For years primary care settings have been the benchmark for EMR design. By targeting broad clinical workflows and generic user requirements, vendors were able to design a universal product for electronic documentation. However, with time demand for such applications has diminished. Built to deal with routine visits and appointments, the generic EMR model just did not suit the specialist requirements.
Frustrated with system restrictions and blockades, most specialist sought out bespoke solutions. This trend forced the new generation of template driven EMRs. With added customizability, providers were able to configure template designs to a great extent. Established vendors started working with specialist groups in efforts to create specialty specific solutions, changing the market dynamics in the process.
However, despite the surge in specialty electronic medical records, utilization is limited at best. Many organizations still are attempting to make use of generic applications amidst system failures and poor outcomes. Ray Parker an EMR implementation expert explains that there are three main reasons why specialty specific EMR adoption is still low, “One, most specialists are already invested in standard solutions. Two, most specialists would not consider such applications as mature products. After all there are specialties within specialties, and then every specialty has their own way of operation. Three, specialist workflow is too intricate for extensive automation.”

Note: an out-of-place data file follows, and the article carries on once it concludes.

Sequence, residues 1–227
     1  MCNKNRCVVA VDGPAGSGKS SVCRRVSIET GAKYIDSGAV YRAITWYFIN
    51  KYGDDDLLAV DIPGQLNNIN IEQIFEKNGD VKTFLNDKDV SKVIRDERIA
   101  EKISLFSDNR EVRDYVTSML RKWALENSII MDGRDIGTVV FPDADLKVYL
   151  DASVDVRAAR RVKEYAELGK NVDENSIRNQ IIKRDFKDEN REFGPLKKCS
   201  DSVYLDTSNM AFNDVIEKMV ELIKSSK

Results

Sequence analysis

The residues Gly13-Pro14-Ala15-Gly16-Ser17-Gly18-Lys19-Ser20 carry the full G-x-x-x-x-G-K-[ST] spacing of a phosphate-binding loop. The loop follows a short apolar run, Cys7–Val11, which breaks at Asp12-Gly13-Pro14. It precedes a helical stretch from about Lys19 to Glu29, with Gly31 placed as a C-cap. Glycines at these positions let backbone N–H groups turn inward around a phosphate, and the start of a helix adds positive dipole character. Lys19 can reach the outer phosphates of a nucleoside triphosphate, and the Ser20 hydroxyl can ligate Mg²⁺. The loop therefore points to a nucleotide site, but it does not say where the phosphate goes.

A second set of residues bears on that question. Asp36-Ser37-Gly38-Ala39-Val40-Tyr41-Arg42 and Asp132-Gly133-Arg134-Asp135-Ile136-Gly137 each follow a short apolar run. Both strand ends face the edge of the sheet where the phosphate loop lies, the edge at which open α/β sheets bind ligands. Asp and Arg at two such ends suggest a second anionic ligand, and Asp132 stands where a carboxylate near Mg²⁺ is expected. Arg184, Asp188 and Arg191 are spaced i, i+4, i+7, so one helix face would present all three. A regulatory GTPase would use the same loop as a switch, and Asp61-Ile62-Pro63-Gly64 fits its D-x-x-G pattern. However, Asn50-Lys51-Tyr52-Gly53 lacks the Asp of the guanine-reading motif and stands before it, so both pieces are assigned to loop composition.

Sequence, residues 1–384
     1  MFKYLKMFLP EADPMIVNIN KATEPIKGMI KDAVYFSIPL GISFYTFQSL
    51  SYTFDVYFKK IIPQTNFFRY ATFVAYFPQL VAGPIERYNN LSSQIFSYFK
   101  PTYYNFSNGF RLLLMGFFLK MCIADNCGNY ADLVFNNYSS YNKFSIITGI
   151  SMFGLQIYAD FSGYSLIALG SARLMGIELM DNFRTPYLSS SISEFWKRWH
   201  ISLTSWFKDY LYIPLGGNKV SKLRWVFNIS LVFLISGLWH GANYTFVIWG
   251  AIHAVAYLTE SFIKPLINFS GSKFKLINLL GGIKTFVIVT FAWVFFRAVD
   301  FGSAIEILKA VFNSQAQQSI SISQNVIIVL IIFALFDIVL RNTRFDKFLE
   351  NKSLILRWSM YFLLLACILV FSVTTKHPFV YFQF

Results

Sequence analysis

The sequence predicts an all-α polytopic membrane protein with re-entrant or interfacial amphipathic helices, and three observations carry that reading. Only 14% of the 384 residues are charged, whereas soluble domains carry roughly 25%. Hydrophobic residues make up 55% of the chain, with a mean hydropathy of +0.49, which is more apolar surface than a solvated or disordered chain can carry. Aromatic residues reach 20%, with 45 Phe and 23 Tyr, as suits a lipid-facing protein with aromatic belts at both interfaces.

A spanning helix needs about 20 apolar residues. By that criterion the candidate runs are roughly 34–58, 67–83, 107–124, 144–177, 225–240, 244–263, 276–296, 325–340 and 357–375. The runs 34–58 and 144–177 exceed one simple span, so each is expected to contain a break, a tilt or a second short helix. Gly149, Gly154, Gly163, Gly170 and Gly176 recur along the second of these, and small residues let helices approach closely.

But with that said, specialists can’t keep working around electronic medical records. Healthcare is evolving, and with its sights on coordinated care the industry has to adapt accordingly, embracing reform and technology. As specialist referral providers will need to coordinate with primary care physicians and extend care beyond their walls. Performance driven payments will promote care continuity and increase patient-physician interaction. In order to achieve these measures and deliver accountable care, providers will require health IT.
However, it is not all that bleak. Specialty EMRs have come a long way since inception as most vendors continually work with their users to improve designs and better cater specialty workflows. Intelligent data capturing through the use of picture archiving and communication systems (PACS) and connected medical devices has made the provider job easier. Many EMR vendors now provide interactive animated screens that simplify the diagnosis and documentation process. Templates are updated with relevant diagnosis and procedural codes and workflow is constructed to suit specialized encounters. The EMR market thrives on innovation and given enough time specialty products are likely to make their own mark.
- Seeing Through EMR Gimmicks (emrdailynews.com)